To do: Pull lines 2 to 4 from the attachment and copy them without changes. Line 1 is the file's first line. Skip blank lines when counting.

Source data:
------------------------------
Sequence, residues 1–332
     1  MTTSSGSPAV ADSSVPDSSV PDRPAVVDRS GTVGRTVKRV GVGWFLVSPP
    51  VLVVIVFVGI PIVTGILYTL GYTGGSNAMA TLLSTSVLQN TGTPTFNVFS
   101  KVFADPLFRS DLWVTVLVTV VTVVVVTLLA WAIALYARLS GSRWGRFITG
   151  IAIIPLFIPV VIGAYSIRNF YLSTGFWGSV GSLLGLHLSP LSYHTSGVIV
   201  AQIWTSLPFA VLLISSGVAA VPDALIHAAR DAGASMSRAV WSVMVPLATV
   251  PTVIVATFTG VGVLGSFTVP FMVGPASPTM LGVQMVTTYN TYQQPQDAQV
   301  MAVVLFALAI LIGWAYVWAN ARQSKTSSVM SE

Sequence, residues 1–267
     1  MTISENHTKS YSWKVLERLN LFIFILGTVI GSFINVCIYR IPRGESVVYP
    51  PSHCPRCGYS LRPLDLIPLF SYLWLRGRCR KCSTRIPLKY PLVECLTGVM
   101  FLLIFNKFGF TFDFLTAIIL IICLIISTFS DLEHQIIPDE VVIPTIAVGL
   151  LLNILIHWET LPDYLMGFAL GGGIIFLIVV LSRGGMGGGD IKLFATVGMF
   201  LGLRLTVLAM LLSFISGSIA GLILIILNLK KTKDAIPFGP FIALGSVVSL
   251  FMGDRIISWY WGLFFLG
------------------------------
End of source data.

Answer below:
     1  MTTSSGSPAV ADSSVPDSSV PDRPAVVDRS GTVGRTVKRV GVGWFLVSPP
    51  VLVVIVFVGI PIVTGILYTL GYTGGSNAMA TLLSTSVLQN TGTPTFNVFS
   101  KVFADPLFRS DLWVTVLVTV VTVVVVTLLA WAIALYARLS GSRWGRFITG